27 November 2020

Why wag?

Three years ago I was guiding on the west coast of the Yucatan Peninsula in Mexico.  Among the 200+ species we enjoyed on that tour was this distinctive silhouette of a Turquoise-browed Motmot:

Both male and female motmots habitually wag their racket-shaped tails back and forth like a pendulum.  Do you know why?  

It's been shown that males do this more during the breeding season (which suggests it's a sexual selection trait) but also, and perhaps more interestingly, both sexes do this year-round in the presence of a predator.

This latter reason, a predator-elicited display, is thought to function as a pursuit-deterrent signal.  Basically, the bird is telling a potential predator "I see you already, and so it's a waste of your time to try to ambush me."

21 November 2020

Quiet November

Truth be told, I haven't done much in the way of birding lately.  I did venture up to Lovers Leap, which is a bluff overlooking Hannibal and the Mississippi River, to check things out.  Among a few expected things was this nice NORTHERN HARRIER that flew over:


The view was still nice, with the blues of the river and sky, even though the formerly green trees have shifted into brown skeletal mode with the change of the season:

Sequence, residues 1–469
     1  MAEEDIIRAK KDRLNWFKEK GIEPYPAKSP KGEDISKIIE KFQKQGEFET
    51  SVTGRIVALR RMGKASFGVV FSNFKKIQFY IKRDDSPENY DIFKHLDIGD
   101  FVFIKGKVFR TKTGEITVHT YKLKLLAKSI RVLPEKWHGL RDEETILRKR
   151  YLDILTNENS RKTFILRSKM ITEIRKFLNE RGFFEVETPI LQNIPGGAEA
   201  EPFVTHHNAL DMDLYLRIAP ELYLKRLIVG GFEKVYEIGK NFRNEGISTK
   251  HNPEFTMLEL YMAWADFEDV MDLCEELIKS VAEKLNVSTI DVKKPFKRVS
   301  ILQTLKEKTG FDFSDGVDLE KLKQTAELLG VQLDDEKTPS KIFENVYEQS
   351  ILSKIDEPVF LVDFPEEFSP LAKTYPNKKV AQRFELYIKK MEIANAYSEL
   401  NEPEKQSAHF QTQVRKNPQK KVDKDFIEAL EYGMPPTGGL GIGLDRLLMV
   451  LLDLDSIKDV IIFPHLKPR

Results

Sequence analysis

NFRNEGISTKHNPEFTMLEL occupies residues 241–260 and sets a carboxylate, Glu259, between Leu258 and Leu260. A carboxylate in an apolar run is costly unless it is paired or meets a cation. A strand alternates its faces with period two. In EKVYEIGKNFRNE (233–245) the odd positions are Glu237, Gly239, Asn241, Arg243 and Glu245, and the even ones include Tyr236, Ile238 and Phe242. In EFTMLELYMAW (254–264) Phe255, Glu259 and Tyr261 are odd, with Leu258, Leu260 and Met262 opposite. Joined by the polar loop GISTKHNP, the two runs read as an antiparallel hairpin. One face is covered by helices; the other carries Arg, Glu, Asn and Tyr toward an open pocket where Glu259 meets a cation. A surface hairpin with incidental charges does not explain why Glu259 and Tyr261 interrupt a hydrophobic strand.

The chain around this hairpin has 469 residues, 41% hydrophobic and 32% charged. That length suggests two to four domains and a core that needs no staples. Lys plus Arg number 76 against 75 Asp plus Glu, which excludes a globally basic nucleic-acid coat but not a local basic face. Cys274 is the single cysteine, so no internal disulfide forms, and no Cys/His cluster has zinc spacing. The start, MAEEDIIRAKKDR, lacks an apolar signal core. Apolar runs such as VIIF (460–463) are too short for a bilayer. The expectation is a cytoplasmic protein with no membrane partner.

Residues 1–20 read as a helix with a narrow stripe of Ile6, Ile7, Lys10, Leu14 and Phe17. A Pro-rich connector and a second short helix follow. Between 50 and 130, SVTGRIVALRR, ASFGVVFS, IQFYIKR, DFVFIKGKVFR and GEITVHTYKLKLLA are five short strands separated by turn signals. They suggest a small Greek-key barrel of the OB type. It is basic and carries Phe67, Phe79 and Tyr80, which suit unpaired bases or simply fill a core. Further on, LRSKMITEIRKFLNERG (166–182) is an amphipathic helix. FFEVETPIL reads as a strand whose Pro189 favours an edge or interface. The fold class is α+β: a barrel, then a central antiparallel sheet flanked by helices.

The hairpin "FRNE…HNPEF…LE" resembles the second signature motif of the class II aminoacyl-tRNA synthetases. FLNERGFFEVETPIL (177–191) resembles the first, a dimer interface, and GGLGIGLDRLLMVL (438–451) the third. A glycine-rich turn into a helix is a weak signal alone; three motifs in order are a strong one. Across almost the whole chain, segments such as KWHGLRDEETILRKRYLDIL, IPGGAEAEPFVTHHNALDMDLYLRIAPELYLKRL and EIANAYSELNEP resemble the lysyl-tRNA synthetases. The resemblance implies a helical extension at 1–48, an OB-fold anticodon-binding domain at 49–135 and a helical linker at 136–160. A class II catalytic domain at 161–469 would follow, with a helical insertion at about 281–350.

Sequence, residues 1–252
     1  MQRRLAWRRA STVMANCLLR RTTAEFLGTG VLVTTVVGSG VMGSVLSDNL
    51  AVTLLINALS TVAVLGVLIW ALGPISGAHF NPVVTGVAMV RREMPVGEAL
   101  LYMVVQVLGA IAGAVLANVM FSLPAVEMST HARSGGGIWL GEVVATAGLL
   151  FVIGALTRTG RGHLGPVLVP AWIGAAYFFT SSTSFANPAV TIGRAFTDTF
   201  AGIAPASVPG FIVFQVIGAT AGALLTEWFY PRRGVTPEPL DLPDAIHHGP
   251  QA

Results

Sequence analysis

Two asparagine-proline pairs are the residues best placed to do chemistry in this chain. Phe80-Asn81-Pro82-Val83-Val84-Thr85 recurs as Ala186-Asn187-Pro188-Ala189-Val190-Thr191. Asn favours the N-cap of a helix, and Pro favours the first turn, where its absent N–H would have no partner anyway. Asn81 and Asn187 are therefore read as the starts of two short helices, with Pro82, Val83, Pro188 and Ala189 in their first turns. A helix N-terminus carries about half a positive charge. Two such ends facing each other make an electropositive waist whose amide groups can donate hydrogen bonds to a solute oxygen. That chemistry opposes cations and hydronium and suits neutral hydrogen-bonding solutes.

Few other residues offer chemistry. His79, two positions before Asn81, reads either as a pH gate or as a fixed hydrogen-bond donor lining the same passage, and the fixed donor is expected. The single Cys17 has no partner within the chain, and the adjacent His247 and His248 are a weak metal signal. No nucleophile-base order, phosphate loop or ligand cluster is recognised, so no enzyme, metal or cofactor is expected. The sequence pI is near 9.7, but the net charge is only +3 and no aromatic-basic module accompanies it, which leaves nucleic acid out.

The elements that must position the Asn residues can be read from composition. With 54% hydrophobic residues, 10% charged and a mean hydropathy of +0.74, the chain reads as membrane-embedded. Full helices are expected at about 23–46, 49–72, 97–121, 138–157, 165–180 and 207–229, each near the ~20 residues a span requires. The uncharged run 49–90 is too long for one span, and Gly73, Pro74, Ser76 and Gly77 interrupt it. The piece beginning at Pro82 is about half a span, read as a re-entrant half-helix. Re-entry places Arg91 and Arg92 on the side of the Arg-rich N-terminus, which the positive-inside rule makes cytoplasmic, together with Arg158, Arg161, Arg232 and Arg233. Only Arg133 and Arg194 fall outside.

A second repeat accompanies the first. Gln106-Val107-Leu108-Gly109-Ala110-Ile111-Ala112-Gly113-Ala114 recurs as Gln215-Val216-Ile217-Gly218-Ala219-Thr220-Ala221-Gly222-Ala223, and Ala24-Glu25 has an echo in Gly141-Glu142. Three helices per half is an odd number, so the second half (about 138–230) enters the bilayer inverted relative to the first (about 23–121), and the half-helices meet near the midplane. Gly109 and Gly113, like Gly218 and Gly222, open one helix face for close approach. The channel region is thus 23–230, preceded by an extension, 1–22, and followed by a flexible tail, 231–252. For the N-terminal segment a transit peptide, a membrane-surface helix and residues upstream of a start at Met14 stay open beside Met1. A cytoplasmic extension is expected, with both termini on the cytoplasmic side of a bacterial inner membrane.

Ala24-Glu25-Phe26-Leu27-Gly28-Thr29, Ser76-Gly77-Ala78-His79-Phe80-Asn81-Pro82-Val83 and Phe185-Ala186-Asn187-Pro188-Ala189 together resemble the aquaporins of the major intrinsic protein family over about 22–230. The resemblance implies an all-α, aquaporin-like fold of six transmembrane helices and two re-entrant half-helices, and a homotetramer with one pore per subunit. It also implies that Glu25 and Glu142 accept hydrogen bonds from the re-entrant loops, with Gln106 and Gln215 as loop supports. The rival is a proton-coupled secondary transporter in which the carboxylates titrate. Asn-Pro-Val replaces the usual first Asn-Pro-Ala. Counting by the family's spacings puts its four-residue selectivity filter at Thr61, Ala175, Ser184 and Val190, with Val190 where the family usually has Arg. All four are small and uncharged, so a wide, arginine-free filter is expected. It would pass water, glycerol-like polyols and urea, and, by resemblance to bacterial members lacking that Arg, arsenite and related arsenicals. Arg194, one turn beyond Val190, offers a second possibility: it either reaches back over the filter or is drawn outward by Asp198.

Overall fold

16 November 2020

On this day...

This COMMON REDPOLL, drenched in late-day winter light, posed for me at Whitefish Point in northern Michigan on this day, a whopping 13 years ago:






13 November 2020

Year ago

A year ago this month, I was exploring forests in Jamaica.  I have to say, I do miss spending time with these little sprites, the Jamaican Tody:





30 October 2020

Another sparrow

This handsome guy is a WHITE-CROWNED SPARROW that was along a field edge near here earlier this month:

We have a short window to enjoy these locally though, I usually only see them during spring and fall migration.  With November almost upon us, winter is on the move as well.